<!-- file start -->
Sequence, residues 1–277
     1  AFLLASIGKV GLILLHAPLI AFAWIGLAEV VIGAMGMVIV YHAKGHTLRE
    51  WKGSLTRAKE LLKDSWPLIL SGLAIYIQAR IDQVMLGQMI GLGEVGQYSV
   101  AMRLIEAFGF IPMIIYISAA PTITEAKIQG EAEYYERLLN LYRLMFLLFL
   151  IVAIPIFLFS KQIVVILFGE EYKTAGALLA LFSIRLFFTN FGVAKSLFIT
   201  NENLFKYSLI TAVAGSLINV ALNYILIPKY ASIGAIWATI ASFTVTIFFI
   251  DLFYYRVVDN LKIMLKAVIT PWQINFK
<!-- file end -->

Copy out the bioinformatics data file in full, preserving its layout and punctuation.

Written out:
Sequence, residues 1–277
     1  AFLLASIGKV GLILLHAPLI AFAWIGLAEV VIGAMGMVIV YHAKGHTLRE
    51  WKGSLTRAKE LLKDSWPLIL SGLAIYIQAR IDQVMLGQMI GLGEVGQYSV
   101  AMRLIEAFGF IPMIIYISAA PTITEAKIQG EAEYYERLLN LYRLMFLLFL
   151  IVAIPIFLFS KQIVVILFGE EYKTAGALLA LFSIRLFFTN FGVAKSLFIT
   201  NENLFKYSLI TAVAGSLINV ALNYILIPKY ASIGAIWATI ASFTVTIFFI
   251  DLFYYRVVDN LKIMLKAVIT PWQINFK